My favorite enemy was Mario Hilario. Just his name set my teeth on edge. And his rise seemed to be meteoric. In – I swear – a handful of months, we was the guy reading the traffic reports on the radio to being a full-fledged reporter. My father and I would gnash our teeth and rail at him – HILARIO! It was a call to battle, a war cry.

Mario Hilario and Tony Petrartca. JK, that's a horse.

I think now is a good a time as any to make one thing clear – I actually knew nothing about these peoples lives, nor did I genuinely wish to kick any of them into hell (except for maybe RJ, but that’s just because of his face. KIDDING RJ, STAY CLASSY!) In fact, when my dad was ordained as a Roman Catholic priest and Mario Hilario showed up to cover the events, I basically nearly passed out at how hilarious that was and really honestly I should have asked him for an autograph.

When I moved to New York, I had to get used to new local news anchors, and it wasn’t the same. Sure, the stories were more outrageous – like Ernie Anastos telling that meteorologist to keep fucking that chicken! But I never saw the people, never saw them bickering with clerks over the price of celery. If anything, local news anchors in New York sought to elevate their status to those of national anchors – it makes sense, why be working in such a large market  if you weren’t eying a bigger, national, prize?

Thus my interactions with the anchors changed, (except for with Ernie, because oh my God Ernie, really? Really?!) I saw them less as characters in my own personal version of Anchorman, and more as members of the English court circa 16th century, all quietly scheming for a place in the king’s bed – a bunch of schemers! Plotters! Machiavells! And that makes watching them all the more enjoyable.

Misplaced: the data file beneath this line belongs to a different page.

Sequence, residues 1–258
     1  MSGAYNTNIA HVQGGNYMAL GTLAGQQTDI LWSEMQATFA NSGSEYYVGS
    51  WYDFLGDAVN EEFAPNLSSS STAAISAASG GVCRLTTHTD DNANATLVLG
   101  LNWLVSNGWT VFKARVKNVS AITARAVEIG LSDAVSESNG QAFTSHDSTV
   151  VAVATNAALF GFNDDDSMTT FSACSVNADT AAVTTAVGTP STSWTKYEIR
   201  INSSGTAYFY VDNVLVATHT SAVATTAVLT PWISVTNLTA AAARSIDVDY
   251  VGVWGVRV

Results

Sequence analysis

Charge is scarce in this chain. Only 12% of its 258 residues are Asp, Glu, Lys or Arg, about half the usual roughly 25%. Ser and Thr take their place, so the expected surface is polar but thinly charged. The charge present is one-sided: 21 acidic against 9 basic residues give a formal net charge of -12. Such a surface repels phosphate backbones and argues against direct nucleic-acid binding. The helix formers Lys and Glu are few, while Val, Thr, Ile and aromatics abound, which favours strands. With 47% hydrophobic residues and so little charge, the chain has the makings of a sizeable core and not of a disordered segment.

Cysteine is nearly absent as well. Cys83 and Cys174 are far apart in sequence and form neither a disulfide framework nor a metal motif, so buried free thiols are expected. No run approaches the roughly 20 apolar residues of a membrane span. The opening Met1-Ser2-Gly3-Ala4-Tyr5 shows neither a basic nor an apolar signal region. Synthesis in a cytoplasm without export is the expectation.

Sue Simmons

No one else embodies this as well as Sue Simmons. Sue was born in the early 40s in Harlem and apparently her father was kind of a respected jazz musician (Thanks Wikipedia!). In New York, the woman is a goddamn institution. She and her co-anchor Chuck Scarborough (He legitimately had to be a news anchor or die with that handle) have the longest co-anchorship running, um, ever! Sue is known for her annual groundhog impression on groundhog’s day, her icy gaze, and for THAT ONE TIME WHEN SHE LOUDLY BELLOWED ‘THE FUCK ARE YOU DOING?” to one of her co-workers. When I learned of this is when I fell in love forever. (she also once fell off her own chair, but that’s not as evil.) In that moment, she became my lady Macbeth. In that moment she revealed the dichotomy that I have savored for so long – the ambitious, industrious, career driven fame monster and the goofy, awkward, hilarious talking head – the two-faced beast was revealed.

This year, Sue’s contract was up. While her co-anchor, Chuck, has been asked to return, Sue has not. She has worked for NBC for over thirty years, and because she is, well, everything she is: an older face, a woman, a running joke to vaguely cruel writerly types like yours truly, she is disposable. The thought makes me feel….desperately ashamed. What has always been a part of my interior humor-life (that is a phrase I have just made up, but I feel like you’ll get it) has proved to be a thing that in the end will add Sue to the pile of women in the workplace who are being shunted to one side and for that to be okay.

It would never happen, but if I ever ran into Sue in the deli, say, I like to think that I’d wrangle a little Rhode Island courage, damn the New York way of life and tap her on the shoulder – and provided she doesn’t punch me – let her know that she was really appreciated, and that she’ll be missed. I know if I were in Providence and I heard any of of the cast of my own personal imaginary soap opera were being removed without the respect they deserved as public community figures – I’d do the same.

Except for RJ Heim.

True Story: RJ is reporting on this house's VULTURE PROBLEM - WTF, RHODE ISLAND?

Fuck you, RJ. Fuck you.